We recruited 86 participants (38 males and 48 females, aged 18–60, M = 26,
SD = 6) via opportunity sampling to complete the study in 2008. Because all par-
ticipation was voluntary, this may have resulted in a smaller sample size than
anticipated. Participants were randomly assigned to perform either kind acts, new
acts, or no acts. Participants performed acts every day for 10 days and received
daily email reminders containing a web-link used to record the act performed.
We used the 5-item Satisfaction with Life Scale (Diener, Emmons, Larsen &
Griffin, 1985) to measure life satisfaction before and after the intervention.
A one-way ANOVA established that life satisfaction increases (T2-T1) dif-
fered across the activity conditions (kind, new, or none), F(2, 83) = 4.13, p < .05,
partial h2 = .09. Life satisfaction increased in the experimental conditions (Kind
condition: M = .54, SD = .86; New condition: M = .35, SD = .73) but not in the
control condition (M = .04, SD = .74). Planned comparisons revealed that the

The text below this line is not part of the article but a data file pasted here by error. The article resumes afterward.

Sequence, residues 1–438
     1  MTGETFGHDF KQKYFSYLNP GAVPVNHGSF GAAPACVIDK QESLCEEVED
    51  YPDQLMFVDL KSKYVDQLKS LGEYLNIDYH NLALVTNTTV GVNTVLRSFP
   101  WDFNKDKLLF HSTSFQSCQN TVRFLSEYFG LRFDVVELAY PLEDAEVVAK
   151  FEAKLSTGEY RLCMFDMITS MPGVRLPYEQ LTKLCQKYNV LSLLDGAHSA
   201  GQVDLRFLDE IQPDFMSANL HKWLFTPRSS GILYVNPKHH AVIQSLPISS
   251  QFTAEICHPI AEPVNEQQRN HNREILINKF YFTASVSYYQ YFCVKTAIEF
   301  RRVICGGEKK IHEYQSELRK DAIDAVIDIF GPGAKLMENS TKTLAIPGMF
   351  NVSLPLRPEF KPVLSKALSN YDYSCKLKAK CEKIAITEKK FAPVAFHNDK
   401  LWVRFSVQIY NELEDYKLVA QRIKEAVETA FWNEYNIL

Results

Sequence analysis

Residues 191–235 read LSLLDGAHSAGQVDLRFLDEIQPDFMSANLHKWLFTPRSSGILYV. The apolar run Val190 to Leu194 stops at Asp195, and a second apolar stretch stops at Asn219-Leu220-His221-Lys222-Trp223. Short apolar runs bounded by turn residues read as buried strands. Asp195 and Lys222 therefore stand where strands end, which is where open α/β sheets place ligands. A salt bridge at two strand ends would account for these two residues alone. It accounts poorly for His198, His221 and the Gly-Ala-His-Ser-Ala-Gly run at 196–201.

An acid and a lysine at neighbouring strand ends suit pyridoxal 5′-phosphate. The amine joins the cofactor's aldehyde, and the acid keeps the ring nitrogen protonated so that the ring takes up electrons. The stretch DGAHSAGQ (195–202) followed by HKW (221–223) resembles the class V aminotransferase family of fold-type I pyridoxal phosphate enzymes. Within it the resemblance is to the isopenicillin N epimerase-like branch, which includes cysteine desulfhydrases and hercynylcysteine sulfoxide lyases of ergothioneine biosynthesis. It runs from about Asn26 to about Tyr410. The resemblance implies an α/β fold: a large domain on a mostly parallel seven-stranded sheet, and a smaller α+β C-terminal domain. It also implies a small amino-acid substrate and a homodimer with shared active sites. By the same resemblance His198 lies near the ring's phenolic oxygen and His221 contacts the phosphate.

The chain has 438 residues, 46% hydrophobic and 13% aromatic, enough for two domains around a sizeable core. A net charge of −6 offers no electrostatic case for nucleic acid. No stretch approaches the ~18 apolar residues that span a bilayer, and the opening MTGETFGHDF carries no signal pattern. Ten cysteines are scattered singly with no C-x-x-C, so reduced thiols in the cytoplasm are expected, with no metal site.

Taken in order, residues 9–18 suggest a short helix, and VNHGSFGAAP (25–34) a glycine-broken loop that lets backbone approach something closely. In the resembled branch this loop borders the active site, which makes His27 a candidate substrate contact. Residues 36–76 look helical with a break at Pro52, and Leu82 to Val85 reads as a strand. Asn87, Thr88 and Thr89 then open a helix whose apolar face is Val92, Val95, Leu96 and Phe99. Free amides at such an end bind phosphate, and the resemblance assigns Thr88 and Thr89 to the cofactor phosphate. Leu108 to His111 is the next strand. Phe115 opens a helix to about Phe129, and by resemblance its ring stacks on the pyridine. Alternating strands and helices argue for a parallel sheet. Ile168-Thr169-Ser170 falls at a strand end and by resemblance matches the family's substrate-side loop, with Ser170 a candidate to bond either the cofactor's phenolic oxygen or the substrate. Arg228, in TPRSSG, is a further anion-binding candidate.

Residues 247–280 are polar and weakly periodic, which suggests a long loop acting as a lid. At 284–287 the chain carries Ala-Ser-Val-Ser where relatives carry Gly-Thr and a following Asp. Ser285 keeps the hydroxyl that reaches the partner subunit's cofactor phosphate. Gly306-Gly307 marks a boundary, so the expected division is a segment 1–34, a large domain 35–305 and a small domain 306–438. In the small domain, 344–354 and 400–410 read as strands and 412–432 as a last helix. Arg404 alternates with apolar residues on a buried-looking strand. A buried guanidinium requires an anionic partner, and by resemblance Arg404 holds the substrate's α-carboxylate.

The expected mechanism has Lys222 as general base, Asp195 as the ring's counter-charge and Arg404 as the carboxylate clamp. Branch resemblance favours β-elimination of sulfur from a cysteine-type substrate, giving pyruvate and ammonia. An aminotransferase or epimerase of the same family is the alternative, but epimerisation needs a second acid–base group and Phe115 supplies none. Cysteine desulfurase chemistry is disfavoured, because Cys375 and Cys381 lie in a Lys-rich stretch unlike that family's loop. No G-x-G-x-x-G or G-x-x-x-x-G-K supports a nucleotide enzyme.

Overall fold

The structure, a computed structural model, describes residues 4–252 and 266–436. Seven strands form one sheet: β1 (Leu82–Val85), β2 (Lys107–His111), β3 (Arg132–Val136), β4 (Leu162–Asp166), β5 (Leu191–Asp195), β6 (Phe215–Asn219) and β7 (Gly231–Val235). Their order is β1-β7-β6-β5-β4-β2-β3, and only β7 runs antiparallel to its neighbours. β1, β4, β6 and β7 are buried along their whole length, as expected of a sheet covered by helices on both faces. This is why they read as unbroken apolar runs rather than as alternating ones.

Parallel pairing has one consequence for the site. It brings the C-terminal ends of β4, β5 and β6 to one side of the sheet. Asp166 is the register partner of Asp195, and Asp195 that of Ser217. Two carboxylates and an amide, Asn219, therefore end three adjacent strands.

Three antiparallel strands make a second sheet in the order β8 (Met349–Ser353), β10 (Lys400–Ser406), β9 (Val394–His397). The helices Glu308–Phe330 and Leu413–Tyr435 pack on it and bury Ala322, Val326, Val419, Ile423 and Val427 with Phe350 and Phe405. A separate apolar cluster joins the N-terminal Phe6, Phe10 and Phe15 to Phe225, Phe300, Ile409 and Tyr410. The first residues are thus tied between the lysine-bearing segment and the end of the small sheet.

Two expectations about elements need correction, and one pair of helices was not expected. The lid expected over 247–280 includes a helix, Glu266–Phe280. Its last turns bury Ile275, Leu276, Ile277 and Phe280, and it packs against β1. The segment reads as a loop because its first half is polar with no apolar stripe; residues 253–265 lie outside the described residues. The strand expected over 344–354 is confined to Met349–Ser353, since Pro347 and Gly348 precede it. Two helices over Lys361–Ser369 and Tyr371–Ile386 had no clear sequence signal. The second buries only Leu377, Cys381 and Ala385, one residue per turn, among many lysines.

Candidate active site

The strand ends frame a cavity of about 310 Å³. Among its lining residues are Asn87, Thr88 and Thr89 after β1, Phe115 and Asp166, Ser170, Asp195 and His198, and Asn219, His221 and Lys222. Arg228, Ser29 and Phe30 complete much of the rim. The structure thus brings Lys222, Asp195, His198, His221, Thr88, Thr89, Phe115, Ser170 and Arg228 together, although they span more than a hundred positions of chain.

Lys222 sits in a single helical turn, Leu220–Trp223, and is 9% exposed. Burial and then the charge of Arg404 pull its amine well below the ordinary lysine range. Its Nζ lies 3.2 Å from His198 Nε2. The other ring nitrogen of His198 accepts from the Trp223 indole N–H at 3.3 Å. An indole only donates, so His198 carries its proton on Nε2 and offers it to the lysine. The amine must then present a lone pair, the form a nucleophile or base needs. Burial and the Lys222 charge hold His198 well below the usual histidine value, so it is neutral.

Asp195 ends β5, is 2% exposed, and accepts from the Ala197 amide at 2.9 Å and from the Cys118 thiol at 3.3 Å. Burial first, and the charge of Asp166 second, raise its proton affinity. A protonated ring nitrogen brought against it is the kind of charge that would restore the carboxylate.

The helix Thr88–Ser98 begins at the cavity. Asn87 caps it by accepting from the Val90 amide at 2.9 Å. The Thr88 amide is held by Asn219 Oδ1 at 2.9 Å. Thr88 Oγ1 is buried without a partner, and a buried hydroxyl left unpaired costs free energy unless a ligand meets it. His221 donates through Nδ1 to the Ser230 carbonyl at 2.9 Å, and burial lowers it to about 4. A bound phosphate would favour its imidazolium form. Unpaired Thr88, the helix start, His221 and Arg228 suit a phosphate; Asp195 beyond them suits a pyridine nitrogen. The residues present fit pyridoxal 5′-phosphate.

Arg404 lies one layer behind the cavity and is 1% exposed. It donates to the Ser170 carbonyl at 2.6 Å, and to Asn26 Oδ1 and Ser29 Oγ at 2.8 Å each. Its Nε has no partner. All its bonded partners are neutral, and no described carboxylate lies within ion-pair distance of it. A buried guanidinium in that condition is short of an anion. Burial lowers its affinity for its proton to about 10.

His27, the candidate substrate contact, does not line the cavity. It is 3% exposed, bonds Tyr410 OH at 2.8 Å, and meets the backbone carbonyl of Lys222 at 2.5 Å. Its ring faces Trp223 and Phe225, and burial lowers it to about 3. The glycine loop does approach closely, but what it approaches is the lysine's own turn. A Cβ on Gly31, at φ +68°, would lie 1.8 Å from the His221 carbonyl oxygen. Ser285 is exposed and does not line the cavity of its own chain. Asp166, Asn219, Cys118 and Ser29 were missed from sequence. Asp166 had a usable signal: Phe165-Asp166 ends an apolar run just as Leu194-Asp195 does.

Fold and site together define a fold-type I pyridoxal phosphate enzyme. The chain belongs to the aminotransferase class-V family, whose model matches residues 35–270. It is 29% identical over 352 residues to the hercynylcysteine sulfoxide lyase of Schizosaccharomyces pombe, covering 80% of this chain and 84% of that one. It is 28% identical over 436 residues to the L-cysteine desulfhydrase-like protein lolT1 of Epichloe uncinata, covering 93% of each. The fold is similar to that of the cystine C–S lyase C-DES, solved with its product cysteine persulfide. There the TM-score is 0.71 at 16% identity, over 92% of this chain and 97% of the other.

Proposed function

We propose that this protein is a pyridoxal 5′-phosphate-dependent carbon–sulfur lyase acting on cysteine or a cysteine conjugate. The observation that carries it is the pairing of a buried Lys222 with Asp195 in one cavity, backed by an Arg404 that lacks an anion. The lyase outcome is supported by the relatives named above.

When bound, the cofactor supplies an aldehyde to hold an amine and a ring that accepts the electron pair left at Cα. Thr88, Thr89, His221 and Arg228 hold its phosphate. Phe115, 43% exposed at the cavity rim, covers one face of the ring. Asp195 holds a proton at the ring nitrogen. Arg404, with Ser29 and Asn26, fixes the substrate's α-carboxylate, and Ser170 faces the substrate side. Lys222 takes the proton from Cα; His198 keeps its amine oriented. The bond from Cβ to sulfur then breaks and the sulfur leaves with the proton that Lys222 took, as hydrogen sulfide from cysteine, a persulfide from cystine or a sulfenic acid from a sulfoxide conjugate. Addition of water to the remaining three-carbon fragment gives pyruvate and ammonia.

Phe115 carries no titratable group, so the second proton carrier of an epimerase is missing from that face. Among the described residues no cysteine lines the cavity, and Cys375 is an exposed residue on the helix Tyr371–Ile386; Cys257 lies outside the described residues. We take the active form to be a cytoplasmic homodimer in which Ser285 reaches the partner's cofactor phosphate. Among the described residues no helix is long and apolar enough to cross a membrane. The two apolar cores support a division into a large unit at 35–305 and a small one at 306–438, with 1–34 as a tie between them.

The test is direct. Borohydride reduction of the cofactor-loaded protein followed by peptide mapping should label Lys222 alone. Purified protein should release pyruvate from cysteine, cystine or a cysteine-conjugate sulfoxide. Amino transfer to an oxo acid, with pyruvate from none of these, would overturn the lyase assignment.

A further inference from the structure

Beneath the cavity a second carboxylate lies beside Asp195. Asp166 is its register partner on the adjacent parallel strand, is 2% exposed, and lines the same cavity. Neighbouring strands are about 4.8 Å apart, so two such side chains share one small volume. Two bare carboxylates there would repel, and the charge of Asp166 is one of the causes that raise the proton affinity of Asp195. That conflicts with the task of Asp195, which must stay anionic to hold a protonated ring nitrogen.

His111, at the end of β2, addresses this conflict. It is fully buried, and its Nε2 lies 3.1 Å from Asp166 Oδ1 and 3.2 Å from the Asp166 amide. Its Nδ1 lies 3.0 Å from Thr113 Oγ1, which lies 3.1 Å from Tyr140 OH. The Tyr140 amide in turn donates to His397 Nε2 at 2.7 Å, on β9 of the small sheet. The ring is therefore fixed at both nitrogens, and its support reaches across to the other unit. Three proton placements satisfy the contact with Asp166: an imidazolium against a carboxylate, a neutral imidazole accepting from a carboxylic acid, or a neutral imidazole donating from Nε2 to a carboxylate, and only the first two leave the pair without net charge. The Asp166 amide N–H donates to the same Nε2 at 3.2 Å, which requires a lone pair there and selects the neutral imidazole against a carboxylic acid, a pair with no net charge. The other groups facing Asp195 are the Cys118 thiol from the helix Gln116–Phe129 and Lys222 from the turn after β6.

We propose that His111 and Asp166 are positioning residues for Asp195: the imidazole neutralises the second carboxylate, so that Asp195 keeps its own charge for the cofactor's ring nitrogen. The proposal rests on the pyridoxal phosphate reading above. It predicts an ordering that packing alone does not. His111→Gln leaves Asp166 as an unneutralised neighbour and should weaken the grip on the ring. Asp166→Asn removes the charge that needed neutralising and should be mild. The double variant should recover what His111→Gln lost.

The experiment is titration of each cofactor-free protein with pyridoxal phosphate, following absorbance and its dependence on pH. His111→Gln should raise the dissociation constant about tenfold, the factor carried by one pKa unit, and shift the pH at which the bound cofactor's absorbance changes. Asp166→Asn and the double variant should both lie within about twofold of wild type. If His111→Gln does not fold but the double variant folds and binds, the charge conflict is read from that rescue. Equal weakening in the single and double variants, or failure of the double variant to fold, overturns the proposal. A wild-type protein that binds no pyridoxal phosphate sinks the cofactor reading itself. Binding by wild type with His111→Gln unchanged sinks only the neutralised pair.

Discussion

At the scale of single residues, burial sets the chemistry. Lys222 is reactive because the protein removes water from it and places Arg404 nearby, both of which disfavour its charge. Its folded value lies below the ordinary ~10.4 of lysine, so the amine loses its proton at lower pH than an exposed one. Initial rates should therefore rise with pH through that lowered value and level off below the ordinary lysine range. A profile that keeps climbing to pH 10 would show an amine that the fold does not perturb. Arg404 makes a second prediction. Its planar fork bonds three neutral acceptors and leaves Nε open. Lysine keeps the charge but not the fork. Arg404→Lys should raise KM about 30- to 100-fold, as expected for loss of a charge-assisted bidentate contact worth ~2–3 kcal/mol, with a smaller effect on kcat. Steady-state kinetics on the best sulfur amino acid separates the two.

increase in life satisfaction was significantly higher in the experimental condi-
tions compared with the control condition (Kind condition: t(83) = 2.84, p .01,
d = .62; New condition: t(83) = 1.86, p .05, d = .41). The experimental groups
did not differ in life satisfaction increase (t(83) = .94, NS, d = .21).
The current experiment indicates that kind and new acts, performed daily
over as little as 10 days, can increase life satisfaction. Furthermore, the results
highlight novelty as an integral feature of happiness-enhancing interventions.
Anat Bardi, PhD, is a senior lecturer (equivalent to associate professor) in